Storage Patterns: Pagination

This post will show how to support pagination for returning large data sets from a smart contract. It builds on concepts introduced in my post on doubly-linked lists.

When to Paginate

When large amounts of data are involved, it may not be possible for a smart contract to return an entire data set at once. Pagination is a way for a caller to make multiple smaller requests to retrieve the data. Some callers may not need the entire data set, in which case it’s useful to be able to retrieve a subset.

There are two potential limits to how much data a smart contract can return at once: gas limits and execution time. For a function call that’s part of a transaction (e.g. from another smart contract), gas is often a limiting factor. Each byte of data returned from the call consumes gas, as does iterating through the data set. Even if the caller is willing to supply a huge amount of gas, there is a block gas limit, which is the maximum amount of gas a single block can consume. If a transaction exceeds this limit, it can never be mined into a block.

For view functions being called from outside the EVM (e.g. from JavaScript in a web app), gas is not a limiting factor because there is no transaction being executed. The node processing the call does the computation locally and returns the result. Each node gets to set its own processing limits—typically limiting execution time. If the call takes too long, it will fail.

When a data set may be large enough to approach either of these limits, use pagination.

Using Cursors

There are many valid API designs for pagination, but using a cursor is probably the most flexible. When a client requests a page of data, the server—in this case a smart contract—returns the requested data as well as a cursor. The cursor is an opaque value that the client needs to pass in its next request. This opaque value specifies where enumeration should continue.

Paging Through an Array

The following code supports appending to an array and enumerating that array using a very simple cursor: the index of the first item being requested.


Here’s a brief explanation of the fetchPage function:

  • howMany indicates how many items should be returned. If there aren’t enough remaining items in the array, the function will return fewer items.
  • cursor is the aforementioned cursor. It simply indicates the starting index for enumeration. The first call should pass 0, and subsequent calls should pass the returned newCursor.
  • If cursor is outside the bounds of the array, the array access will throw an error.

In the array example, the cursor is just an index into the array. The client could ignore the returned newCursor and simply calculate the right cursor by counting how many items it had already received. In the next section, I’ll show an example where this is not the case, and the cursor truly needs to be returned from the smart contract.

Paging Through a Linked List

In a linked list, each node stores a link to the next node in the list. There is no way to jump straight to the nth item in the list. In my post about doubly-linked lists in Solidity, I built a doubly-linked list where nodes are stored in an array, and the node’s index in the array is its unique identifier. This means it’s possible to directly access a node by ID.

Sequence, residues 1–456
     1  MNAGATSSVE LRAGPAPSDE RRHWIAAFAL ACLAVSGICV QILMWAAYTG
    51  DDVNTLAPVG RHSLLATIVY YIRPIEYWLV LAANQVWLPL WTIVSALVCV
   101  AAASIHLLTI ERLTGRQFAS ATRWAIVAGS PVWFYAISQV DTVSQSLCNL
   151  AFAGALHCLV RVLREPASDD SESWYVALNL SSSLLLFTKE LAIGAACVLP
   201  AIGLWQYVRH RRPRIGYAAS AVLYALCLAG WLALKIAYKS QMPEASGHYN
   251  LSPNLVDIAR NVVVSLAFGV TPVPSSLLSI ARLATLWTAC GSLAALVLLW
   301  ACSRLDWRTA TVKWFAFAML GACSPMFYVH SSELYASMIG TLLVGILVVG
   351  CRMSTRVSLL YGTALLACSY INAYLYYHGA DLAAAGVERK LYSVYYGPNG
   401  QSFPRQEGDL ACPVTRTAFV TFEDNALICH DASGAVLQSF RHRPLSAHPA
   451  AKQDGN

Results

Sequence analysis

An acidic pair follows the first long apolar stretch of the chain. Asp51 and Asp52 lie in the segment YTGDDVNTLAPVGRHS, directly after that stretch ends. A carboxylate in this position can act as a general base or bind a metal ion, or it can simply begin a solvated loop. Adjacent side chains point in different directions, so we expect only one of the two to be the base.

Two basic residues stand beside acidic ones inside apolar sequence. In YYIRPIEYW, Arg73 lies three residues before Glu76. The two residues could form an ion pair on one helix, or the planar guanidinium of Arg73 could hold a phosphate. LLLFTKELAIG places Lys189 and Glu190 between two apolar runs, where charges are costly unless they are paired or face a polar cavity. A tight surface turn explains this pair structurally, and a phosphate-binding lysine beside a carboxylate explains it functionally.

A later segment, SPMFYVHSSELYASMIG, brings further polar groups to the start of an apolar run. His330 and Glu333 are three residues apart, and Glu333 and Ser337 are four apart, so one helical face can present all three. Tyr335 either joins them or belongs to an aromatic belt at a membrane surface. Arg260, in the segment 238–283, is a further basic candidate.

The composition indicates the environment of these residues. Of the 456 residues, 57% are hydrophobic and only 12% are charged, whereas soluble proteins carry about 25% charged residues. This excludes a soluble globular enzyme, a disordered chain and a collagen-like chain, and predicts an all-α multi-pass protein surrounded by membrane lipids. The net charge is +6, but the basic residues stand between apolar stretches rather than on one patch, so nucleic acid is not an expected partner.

A node’s ID a good candidate for a cursor. When a page is requested, the returned cursor will be the ID of the next node in the list (the first node the client has not yet seen).

The following code is adapted from the doubly-linked list post but with one small change. Instead of using bytes as the payload type, I’ve used bytes32.1 The last function, fetchPage, is new:


Here’s a brief explanation of the fetchPage function:

  • Like in the array example, fetchPage accepts parameters cursor and howMany.
  • A cursor of 0 indicates that the client wants to start at the beginning of the list. That means starting at nodes[0].next, which is the head of the doubly-linked list.
  • Arrays kept in memory cannot be resized, so it’s necessary to declare their length up front. Before enumeration, it’s impossible to know the correct length, so an array of size howMany is returned along with an extra return value length that indicates how much of the array is valid data.
  • The newCursor return value is the index of the next node in the list. A client passes that to resume enumeration.

Getting a Consistent Snapshot

Pagination often has a downside when it comes to concurrency. It can be difficult for clients to deal with data changing during the course of enumeration. For example, in the linked list case, the node indicated by the cursor could be deleted, making the next call to fetchPage fail.

Ethereum provides a nice workaround for these issues. When calling a view function from client software, it’s possible to specify a block number to execute the call in the context of that block. By making each call with the same block number, a client can work with a consistent snapshot of the data.


  • Pagination is necessary when gas or execution time limits prevent a client from reading the entirety of a large data set at once.
  • Cursors are a flexible way to support pagination.
  • Clients should treat cursors as opaque.
  • A cursor should allow enumeration to be resumed efficiently.
  • To guarantee a consistent snapshot, clients should consider specifying the same block number for all calls while paging through data.

  1. Solidity doesn’t (without an experimental new encoder) support returning dynamically-sized arrays of dynamically-sized arrays, making a return type of bytes[] impossible.